All Hail Breaks Loose

150724-hail-2Yesterday we had what will likely end up being our largest rain event of the year. A sudden onset of torrential rain was soon accompanied by large volumes of pea- and chickpea-sized hail. Our house sits at the bottom of our hill, and I knew that water coming down the hill wouldn’t drain terribly well after it hit our foundation. Yesterday it came down the hill in torrents, through the bare dirt near the house, and accumulated to a depth of several inches, getting up to the bottom of the siding, but not quite to the crawlspace vents.


I went out in shorts and a boonie hat and semi-frantically moved a dog-dig-barrier out from under a fence at the corner of the house, and then removed more dirt with a shovel to get it draining faster. After the storm abated and gravity did its job, the water along the back of the house had dropped by about an inch, just below the edge of the siding. An inspection under the house revealed a lot of seeping through the concrete, but no puddles, so it seems the ground was ready to absorb quite a bit of moisture – no surprise considering how dry it usually is here.


The bare area of soil behind our house is on the list for some TLC, and this event just highlighted the need to get on with getting something growing there. It is a frost pocket in winter, and I don’t believe that helps with keeping ground cover alive.

We had obtained four adult Blue Laced Red Wyandotte chickens the night before, and during the storm they weren’t quite sure where to go. They sought shelter under a ponderosa, but still got pathetically soaked. I managed to catch three of them, and Mrs. D. dried them off with a towel. We put a heat lamp in the coop in hopes of keeping them from getting chilled further. All are doing fine today. I was feeling a mite wet and chilly myself by the time I was done reacting to the storm.

150724-hail-4We have been leaving the van out of the garage, since the garage itself is seeing a lot of use. Moving bikes, toys, and various projects out of the way in a hurry while trying to get the van in out of the hail highlighted how much keeping things tidy helps when you have to respond to an emergency.

The tomatoes and beans seem little worse for the wear. Our summer squash leaves look like they were blasted with a shotgun, but the plants will probably make it. The storm did no other noticeable damage.


Our Summer is Cut Out for Us


Time and project management are the biggest perennial challenges of both self-employment and homesteading. There are always half a dozen things that should be done today, or as soon as possible, or yesterday, and the day inevitably only has room for one or two – and that is if you can even get to the end of one without realizing it’s going to require a trip into town or a part that you have to order via the mail. Or else you get interrupted by an appointment you nearly forgot because you were so immersed in a project.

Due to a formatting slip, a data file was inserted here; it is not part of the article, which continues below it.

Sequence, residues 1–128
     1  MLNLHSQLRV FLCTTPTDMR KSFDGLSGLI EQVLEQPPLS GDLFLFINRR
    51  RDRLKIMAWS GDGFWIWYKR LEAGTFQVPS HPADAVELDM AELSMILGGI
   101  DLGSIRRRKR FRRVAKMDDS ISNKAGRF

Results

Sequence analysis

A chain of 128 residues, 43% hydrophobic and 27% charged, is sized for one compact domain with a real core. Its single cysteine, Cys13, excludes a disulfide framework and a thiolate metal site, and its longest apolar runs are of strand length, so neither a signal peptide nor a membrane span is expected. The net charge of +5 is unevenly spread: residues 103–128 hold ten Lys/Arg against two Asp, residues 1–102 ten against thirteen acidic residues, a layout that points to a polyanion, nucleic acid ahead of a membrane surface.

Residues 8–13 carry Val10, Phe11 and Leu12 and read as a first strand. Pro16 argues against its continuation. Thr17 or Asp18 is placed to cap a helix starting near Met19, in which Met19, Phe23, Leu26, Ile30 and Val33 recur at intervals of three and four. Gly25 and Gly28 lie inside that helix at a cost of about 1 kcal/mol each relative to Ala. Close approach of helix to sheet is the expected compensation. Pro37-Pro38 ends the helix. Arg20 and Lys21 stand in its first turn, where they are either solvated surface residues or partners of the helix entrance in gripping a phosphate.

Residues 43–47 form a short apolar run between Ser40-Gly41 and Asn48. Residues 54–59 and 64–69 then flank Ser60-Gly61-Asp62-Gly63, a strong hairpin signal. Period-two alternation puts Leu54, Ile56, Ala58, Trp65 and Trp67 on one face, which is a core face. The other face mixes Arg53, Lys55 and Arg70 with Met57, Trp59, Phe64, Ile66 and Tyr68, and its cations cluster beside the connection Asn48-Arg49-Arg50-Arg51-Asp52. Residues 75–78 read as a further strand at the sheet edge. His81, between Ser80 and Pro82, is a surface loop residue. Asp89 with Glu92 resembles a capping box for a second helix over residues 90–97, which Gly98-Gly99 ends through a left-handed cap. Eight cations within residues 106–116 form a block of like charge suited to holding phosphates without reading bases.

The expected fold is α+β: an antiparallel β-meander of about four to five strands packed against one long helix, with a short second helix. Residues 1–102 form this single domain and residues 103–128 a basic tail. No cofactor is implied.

Apart from some impending modifications to our house and office (a ventilation hood over the kitchen range, a bathroom for the office, etc.), the big projects this summer are:

  1. Permaculture Zone 1. Finish setting up vegetable and herb beds near the house and cabin, and get a fall crop into them if possible.
  2. Soil Maintenance. Begin to maintain/rehabilitate the rest of the property by planting cover crops and adding manure and/or biochar. We have ever-growing piles of pine cones and tree branches, and had plans to rent an industrial-strength chipper/shredder to make mulch, but are now looking into setting up a kiln to make biochar instead.
  3. Irrigation. Our well and pressure tank supply the house adequately, but will barely put out enough pressure for two sprinklers. The only way we know to get a food forest off the ground in an arid climate like this is with extensive irrigation. This will probably entail upgrading or supplementing the well pump and pressure tank, and laying a lot of pipe in the ground. Some automation will be a plus if we can afford it. The duck pond (actually a small pond liner propped up with rocks) is going in near the top of the hill. Some microswales are planned to direct the pond drainage to where it will be most useful.
  4. Deer fencing. The deer decimated our newly planted raspberry canes last fall. They will do worse when we plant a lot of trees this fall. The plan is to extend the existing fence posts with poles or tomato stakes, and run flagged netting between them, raising the fence to 8′ in height.
  5. Planning and purchasing for fall tree planting. Fruit trees galore, especially apples and cherries. Some ume (Prunus mume) (a Japanese apricot/plum) for the unique blossoms, not to mention the fruit. Support species galore, and perhaps some fedge species as well. An aggressive, multi-layered hedge/fedge along the road for privacy. Maybe some black locust. Some piñon pines to eventually replace the ubiquitous ponderosas and produce pine nuts instead of just an endless rain of pine cones.

As you can see, we have our work cut out for us! But I’m sure I haven’t bitten off more than I can chew…

Author’s Soundtrack: Hunting High and Low by a-ha. On vinyl, of course.